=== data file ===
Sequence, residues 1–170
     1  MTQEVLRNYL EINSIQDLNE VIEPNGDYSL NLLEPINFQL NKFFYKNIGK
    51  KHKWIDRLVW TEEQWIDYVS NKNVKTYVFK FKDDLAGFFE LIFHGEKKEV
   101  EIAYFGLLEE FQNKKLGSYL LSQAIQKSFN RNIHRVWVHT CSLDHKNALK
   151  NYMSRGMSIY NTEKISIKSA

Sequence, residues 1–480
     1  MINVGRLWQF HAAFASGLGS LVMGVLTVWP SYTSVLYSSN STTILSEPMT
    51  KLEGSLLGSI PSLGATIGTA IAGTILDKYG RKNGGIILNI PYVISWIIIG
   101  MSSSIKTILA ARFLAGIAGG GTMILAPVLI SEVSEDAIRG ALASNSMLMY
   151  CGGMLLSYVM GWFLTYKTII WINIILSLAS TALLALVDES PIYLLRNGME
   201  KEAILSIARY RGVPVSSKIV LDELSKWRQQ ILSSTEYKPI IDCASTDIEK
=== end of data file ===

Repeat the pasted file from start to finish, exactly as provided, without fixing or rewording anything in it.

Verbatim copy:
Sequence, residues 1–170
     1  MTQEVLRNYL EINSIQDLNE VIEPNGDYSL NLLEPINFQL NKFFYKNIGK
    51  KHKWIDRLVW TEEQWIDYVS NKNVKTYVFK FKDDLAGFFE LIFHGEKKEV
   101  EIAYFGLLEE FQNKKLGSYL LSQAIQKSFN RNIHRVWVHT CSLDHKNALK
   151  NYMSRGMSIY NTEKISIKSA

Sequence, residues 1–480
     1  MINVGRLWQF HAAFASGLGS LVMGVLTVWP SYTSVLYSSN STTILSEPMT
    51  KLEGSLLGSI PSLGATIGTA IAGTILDKYG RKNGGIILNI PYVISWIIIG
   101  MSSSIKTILA ARFLAGIAGG GTMILAPVLI SEVSEDAIRG ALASNSMLMY
   151  CGGMLLSYVM GWFLTYKTII WINIILSLAS TALLALVDES PIYLLRNGME
   201  KEAILSIARY RGVPVSSKIV LDELSKWRQQ ILSSTEYKPI IDCASTDIEK